Growing up, I always thought about what my life would look like when I was older. I think most people do. We fantasize about the job we will have, the person we will marry, where we will live, the places we will travel to. While this is all well and good, it can put a lot of pressure on your adult self to live up to the life that you dreamed of having when you were younger.

My own dream life goes something like this: go to a great college, get a job changing the world where I am constantly engaged and paid well, meet the man of my dreams and get married, buy a nice house, save money for traveling the world in my free time, have two kids and watch them grow into well-adjusted members of society, and eventually retire and grow old with my adoring husband, children and grandchildren. Because I was horse-crazy, my dream life also included owning a small farm for my horses (plural) and competing as far up through the levels of Eventing as I could.

Even with these grand ideas about how our lives will unfold, we know that we will encounter some bumps in the road. Relationships are hard work, and it’s not always going to be easy. Having kids leads to countless sleepless nights, a messy house – and finding cereal where you would least expect it. Maybe you won’t get the job you want right away. Maybe you will have to move farther away from your family than you would like to. It sounds cute, from a distance.

But even my young-adult self thought, surely things will go mostly according to plan, right!? And for a while things did. I graduated from college, but I did not continue on to a higher degree as I previously thought I would. I got a job in my field right out of college – which I feel extremely lucky about – but it wasn’t a job where I felt like I was changing the world. I did meet the man of my dreams and get married, but then the future quickly became murky.

As we were planning our wedding, he was also applying for medical school. When the dust of the medical school application process settled, it was clear that we would be moving. To Grenada. An island. In the Caribbean.

Fast forward and here we are, married and living in Grenada! How cool is that?! While I fully realize how lucky I am to be living on a Caribbean island for the next couple years, it also threw a huge wrench in my ability to meticulously plan out every last detail of our future. Where will we be in two years when we return to the US for clinical rotations? Where will we be after that for his residency? With Zika spreading and the impending mountain of student loan debt that we will be in, when will we be able to start trying to have kids?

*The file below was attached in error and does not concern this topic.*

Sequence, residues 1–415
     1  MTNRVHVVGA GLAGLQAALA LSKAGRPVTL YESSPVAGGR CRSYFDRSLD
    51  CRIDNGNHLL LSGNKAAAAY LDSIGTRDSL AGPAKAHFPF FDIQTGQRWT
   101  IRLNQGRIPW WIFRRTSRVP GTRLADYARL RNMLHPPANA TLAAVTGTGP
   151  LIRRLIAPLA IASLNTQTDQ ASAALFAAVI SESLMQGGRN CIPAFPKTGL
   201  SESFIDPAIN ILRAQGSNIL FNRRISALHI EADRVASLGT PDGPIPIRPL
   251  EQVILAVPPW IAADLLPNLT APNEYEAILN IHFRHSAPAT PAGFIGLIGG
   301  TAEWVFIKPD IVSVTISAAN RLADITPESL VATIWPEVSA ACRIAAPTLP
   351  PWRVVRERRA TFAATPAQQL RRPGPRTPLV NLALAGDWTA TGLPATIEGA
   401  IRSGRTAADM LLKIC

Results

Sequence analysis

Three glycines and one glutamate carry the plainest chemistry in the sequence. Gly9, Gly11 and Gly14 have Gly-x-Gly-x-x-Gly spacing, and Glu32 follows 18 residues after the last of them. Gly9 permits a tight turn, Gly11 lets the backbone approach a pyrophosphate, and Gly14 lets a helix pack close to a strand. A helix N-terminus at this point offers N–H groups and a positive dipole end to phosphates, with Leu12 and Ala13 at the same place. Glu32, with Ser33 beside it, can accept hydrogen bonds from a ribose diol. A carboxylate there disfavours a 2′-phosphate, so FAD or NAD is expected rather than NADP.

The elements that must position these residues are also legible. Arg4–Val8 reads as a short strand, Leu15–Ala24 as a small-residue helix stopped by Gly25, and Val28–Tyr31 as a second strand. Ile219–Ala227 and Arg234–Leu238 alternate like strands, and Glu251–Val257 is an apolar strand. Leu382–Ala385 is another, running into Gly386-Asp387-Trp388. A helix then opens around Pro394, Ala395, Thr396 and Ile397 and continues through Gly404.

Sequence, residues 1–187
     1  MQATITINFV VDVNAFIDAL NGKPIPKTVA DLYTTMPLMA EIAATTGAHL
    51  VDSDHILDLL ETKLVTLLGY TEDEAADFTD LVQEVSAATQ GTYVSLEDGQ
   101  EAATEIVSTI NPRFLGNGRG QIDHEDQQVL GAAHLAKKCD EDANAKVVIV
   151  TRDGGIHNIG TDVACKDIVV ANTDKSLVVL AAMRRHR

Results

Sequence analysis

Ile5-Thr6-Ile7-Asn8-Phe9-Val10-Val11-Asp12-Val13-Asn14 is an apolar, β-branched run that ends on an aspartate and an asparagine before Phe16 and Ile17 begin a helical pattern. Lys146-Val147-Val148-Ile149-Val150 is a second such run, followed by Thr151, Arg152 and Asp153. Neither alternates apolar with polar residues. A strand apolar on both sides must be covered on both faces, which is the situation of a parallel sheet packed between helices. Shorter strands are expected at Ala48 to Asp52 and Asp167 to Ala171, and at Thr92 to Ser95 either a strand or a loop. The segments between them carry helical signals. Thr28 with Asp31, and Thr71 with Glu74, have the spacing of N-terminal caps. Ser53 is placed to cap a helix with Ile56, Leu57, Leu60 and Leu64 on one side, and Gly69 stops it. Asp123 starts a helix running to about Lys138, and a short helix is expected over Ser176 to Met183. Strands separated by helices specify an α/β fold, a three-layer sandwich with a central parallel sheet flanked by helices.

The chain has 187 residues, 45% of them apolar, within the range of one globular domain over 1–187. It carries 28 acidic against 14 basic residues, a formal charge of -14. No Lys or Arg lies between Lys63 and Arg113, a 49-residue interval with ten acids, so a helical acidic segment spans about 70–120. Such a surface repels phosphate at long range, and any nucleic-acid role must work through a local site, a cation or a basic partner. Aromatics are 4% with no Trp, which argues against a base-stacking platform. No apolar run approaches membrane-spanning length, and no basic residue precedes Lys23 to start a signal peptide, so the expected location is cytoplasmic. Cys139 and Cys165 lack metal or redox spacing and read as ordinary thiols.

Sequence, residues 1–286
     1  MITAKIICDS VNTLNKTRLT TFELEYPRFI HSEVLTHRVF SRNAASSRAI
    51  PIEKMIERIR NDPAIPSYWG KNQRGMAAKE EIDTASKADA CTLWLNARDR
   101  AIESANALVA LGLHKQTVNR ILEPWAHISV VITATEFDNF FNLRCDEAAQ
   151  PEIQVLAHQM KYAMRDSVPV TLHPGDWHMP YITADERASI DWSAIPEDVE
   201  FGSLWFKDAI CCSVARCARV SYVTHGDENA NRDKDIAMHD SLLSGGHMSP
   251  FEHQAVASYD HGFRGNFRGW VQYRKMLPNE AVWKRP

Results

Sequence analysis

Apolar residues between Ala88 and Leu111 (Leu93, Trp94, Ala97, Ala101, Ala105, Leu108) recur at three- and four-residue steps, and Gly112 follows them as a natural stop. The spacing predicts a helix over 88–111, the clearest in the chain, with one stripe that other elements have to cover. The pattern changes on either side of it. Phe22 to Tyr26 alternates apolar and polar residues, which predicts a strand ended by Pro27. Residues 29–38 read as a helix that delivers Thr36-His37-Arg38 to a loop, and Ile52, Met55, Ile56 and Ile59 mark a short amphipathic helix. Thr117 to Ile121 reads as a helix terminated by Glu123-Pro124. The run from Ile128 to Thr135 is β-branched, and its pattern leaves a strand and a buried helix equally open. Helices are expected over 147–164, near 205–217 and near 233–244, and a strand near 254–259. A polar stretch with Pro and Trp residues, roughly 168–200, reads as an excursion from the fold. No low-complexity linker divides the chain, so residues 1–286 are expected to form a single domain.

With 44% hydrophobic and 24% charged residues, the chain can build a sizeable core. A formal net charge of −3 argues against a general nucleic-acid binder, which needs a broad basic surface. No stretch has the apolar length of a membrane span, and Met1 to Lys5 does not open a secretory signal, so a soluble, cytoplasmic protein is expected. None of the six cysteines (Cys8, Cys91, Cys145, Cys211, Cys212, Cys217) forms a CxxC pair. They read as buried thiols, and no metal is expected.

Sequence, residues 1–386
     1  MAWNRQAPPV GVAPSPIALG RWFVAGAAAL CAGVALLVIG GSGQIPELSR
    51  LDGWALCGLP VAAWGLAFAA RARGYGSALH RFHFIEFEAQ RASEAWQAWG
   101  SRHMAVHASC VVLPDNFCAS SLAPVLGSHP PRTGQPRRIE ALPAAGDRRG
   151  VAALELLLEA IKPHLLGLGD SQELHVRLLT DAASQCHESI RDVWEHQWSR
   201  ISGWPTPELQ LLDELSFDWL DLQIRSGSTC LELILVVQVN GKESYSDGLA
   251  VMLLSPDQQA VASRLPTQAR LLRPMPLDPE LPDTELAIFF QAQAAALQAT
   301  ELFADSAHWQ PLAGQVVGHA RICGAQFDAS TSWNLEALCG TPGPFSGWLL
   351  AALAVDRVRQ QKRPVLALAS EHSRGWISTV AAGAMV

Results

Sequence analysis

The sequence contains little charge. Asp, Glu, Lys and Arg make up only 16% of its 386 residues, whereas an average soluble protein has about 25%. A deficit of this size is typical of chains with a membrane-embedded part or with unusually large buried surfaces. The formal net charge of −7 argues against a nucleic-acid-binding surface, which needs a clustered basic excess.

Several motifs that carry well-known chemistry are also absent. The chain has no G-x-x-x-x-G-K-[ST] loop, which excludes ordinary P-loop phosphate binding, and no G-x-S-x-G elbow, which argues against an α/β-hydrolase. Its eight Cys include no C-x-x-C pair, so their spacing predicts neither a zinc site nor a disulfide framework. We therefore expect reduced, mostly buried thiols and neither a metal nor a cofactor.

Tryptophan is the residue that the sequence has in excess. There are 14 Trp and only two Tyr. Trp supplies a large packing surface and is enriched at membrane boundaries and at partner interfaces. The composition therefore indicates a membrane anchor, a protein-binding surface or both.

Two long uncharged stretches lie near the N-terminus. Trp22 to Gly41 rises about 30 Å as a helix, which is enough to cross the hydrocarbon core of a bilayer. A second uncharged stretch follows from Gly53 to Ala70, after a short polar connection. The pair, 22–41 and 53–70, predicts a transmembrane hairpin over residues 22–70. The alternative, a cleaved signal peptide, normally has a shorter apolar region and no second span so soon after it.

Another wrench that the move has thrown into my ever-important plans is that it’s really hard to get a work visa in Grenada. Which means I am, currently, a stay-at-home wife. Woe is me, right? But on the other hand, it has forced me to come face-to-face with the fact that I didn’t feel like the job I had before coming here was right for me, and that I don’t even know what I want to pursue as a career path.  The whole basis of my future – getting a job that I find fulfilling, where I am helping others, and that ideally pays well enough so that my family can live comfortably – doesn’t exist. I feel like I should have accomplished that by now, or that I should at least be on a clear path to getting there. But I’m not. And I’m going to try to be ok with that.

I’m going to try to be ok with that because sometimes, I think the biggest expectation that I have for myself is living up to the timeline that I created for my life. It is my biggest expectation, and also the one that causes me the most grief. Right now, my life is not on the track that I thought it would be on, and in some ways I feel like I’ve failed because of that. What I have realized now, though, is that if things went the way I thought they were supposed to go, I would not have had the time to reflect on what career I want to pursue. I also probably would not have had the opportunity to live in another country and get to know it’s culture and people. And I definitely wouldn’t be living somewhere as beautiful as Grenada. It can be hard letting go of your perfectly formed plans, but once you’re done lamenting their loss (and by all means, take that time), take a look around. Because it’s possible that the new direction that your life has taken you will give you just as many – if not more – opportunities than the path you thought you were supposed to be on.